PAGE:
Parkland dad blasts gun control response to MSU shooting

Ryan Petty wasn’t planning on spending any time on social media yesterday. Instead, he was hoping to share a quiet day with family and friends on the fifth anniversary of the attack on Marjory Stoneman Douglas High School in Parkland, Florida and the murder of his daughter Alaina. But as Petty shares on today’s Bearing Arms Cam & Co, he found himself unable to stay silent as he watched gun control activists ply their grift, using both the Parkland anniversary and Monday night’s shooting at Michigan State University to engage in the “morally repugnant” attempt to use these tragedies to advance their anti-gun agenda.


As Ryan and I discuss on the show, the man responsible for the attack at Michigan State was not only known to law enforcement, having previously been charged with a felony gun offense that prosecutors agreed to plead down to a misdemeanor. His family had born witness to his declining mental health over the past few years, with his father telling reporters that his son had grown “evil and mean” after the man’s mother died after a stroke two years ago.

“He was a mama’s boy. He loved his mom. They were tight. His mom was like his sister,” Michael McRae said. “Everything happened so fast.”

After her sudden passing, the younger McRae quit his job at a warehouse, where he loaded refrigerators into delivery trucks, and stayed in his room all day playing video games, his father said.

“He was grieving his mom. He wouldn’t let it go. He got bitter, bitter and bitter,” Michael McRae said. “His mom died, and he just started getting evil and mean. He didn’t care about anything anymore.”

Michael McRae, who was married to Linda for 45 years, said he tried to encourage his son to apply for jobs, seek counseling and attend church with him.

“I said, ‘Talk to Daddy. Let me know if something is on your mind. If you need help, I’ll get you help,'” the father said. “He said, ‘I’m OK, Dad, I don’t need help.”


Clearly that wasn’t the case, but the man’s father says he never believed his son was a danger to himself or others. Neighbors, on the other hand, say they’d grown alarmed at some of the man’s behavior, including using his backyard as target practice.

Multiple times over the summer, neighbors complained that the younger McRae had apparently fired shots outside of his home, said Megan Bender, 34, who lives nearby.

“He was firing a firearm out of the back door of the house into the yard,” Bender said from her home. “We’re right in the city. You shouldn’t be firing a firearm in the middle of the city.”

It’s unclear why police never arrested or cited the man for discharging his firearm in a residential setting, but apparently the complaints never triggered an official response from law enforcement.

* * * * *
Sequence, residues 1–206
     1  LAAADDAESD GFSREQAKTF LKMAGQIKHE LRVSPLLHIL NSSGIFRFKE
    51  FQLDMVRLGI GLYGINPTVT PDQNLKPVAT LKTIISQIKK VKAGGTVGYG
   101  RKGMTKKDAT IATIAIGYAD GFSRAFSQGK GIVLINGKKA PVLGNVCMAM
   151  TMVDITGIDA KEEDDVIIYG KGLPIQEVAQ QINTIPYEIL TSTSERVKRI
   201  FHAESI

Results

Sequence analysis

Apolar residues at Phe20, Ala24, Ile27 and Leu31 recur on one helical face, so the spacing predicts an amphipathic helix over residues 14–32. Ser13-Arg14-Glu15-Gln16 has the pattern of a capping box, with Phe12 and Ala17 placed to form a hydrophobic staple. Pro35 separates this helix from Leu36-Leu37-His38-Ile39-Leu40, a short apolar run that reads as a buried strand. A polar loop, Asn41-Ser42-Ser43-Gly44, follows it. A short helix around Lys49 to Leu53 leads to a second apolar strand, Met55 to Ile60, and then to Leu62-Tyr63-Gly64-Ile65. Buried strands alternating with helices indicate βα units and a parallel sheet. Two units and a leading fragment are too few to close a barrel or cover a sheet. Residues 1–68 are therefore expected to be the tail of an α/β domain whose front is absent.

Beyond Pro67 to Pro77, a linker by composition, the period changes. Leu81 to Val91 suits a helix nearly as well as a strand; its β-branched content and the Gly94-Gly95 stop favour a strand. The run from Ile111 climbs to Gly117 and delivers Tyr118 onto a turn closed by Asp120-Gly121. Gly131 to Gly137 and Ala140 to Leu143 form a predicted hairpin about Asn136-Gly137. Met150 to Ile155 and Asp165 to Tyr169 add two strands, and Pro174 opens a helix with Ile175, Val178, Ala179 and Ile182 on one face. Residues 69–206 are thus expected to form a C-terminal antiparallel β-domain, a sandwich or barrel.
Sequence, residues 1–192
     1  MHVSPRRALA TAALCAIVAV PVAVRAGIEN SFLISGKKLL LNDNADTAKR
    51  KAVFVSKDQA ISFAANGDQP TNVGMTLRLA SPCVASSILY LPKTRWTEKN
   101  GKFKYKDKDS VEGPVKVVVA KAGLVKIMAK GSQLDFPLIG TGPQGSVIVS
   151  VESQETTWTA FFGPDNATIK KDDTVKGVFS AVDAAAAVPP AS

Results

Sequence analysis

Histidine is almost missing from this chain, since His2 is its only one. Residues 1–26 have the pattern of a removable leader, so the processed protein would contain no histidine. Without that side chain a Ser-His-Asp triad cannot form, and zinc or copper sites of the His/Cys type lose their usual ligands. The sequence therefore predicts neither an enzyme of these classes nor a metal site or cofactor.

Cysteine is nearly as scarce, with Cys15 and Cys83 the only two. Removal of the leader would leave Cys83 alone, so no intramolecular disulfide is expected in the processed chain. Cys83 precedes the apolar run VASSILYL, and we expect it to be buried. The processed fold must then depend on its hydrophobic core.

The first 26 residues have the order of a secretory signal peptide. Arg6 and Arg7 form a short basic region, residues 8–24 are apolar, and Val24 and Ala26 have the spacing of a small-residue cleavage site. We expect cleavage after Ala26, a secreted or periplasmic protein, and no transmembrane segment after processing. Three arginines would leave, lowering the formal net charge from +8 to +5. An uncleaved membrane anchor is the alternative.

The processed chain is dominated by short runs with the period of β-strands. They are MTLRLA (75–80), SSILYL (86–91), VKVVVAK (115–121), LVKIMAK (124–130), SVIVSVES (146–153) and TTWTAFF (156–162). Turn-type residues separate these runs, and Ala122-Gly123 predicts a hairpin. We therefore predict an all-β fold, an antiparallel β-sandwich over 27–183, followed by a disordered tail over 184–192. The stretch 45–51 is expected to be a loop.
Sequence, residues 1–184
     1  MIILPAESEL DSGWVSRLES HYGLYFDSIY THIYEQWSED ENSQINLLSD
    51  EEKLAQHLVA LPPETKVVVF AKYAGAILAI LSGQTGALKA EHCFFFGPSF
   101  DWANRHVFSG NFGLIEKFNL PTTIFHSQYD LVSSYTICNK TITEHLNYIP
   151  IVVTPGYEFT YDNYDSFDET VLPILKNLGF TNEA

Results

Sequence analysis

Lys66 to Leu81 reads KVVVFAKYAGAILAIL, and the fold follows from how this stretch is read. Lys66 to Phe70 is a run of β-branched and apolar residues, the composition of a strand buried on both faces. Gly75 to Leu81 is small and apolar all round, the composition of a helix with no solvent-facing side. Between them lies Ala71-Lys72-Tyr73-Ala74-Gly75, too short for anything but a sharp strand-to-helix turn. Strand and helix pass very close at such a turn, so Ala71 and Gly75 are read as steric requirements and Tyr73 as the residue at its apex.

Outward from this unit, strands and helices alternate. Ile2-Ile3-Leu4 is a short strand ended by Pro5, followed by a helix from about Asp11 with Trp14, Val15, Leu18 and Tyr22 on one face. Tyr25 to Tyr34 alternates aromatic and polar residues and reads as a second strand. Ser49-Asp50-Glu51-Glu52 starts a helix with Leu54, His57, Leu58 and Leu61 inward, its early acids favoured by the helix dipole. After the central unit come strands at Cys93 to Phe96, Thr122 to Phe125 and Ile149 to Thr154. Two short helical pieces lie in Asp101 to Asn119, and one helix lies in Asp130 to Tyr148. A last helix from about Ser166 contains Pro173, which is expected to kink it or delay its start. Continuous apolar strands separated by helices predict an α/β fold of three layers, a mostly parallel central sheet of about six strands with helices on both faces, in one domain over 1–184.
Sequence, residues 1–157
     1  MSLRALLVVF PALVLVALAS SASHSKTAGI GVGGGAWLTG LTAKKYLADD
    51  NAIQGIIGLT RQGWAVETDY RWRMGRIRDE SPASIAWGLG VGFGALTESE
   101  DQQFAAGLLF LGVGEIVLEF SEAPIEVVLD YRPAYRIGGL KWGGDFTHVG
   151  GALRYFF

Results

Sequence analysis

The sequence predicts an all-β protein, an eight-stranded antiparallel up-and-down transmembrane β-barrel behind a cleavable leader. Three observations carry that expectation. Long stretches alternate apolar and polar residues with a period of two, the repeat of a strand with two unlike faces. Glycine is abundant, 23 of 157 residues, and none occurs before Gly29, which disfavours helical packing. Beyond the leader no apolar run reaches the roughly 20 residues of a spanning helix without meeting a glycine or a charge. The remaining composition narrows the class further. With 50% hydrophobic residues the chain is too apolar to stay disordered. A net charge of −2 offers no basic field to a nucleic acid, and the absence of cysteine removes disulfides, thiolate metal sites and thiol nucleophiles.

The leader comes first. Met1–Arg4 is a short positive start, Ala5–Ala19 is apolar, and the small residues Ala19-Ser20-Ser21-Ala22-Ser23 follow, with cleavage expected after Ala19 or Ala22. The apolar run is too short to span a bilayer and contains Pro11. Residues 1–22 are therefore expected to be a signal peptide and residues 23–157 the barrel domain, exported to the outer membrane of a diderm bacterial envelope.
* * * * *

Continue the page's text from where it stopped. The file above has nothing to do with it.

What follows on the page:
As Petty points out, the suspect shares many commonalities with other active shooters. The Secret Service recently released a report detailing their examination of nearly 200 incidents of “targeted violence” that documents some of the red flags raised by a number of the perpetrators.

  • Most of the attackers had exhibited behavior that elicited concern in family members, friends, neighbors, classmates, co-workers, and others, and in many cases, those individuals feared for the safety of themselves or others.
  • Many attackers had a history of physically aggressive or intimidating behaviors, evidenced by prior violent criminal arrests/charges, domestic violence, or other acts of violence toward others.
  • Half of the attackers were motivated by grievances, and were retaliating for perceived wrongs related to personal, domestic, or workplace issues.
  • Most of the attackers used firearms, and many of those firearms were possessed illegally at the time of the attack.
  • One-quarter of the attackers subscribed to a belief system involving conspiracies or hateful ideologies, including anti-government, anti-Semitic, and misogynistic views.
  • Many attackers experienced stressful events across various life domains, including family/romantic relationships, personal issues, employment, and legal issues. In some of these cases, attackers experienced a specific triggering event prior to perpetrating the attack.
  • Over half of the attackers experienced mental health symptoms prior to or at the time of their attacks, including depression, psychotic symptoms, and suicidal thoughts.

Concerning behavior? Check. A specific triggering event? Check. Mental health symptoms? Check.

Now, this doesn’t mean that everyone who suffers a traumatic event in their life or is diagnosed with depression is at risk of becoming an active shooter. But as Petty says, a complete picture of many of the individuals who do plan or carry out a targeted attack on innocent victims often finds a number of these warning signs were present, which should give police, mental health professionals, and even politicians a starting point to address and prevent these tragedies without targeting tens of millions of law-abiding gun owners or criminalizing a fundamental civil right. There truly is a need for reform, but it’s the criminal justice and mental health systems that are in dire need of repair, not the right to keep and bear arms.


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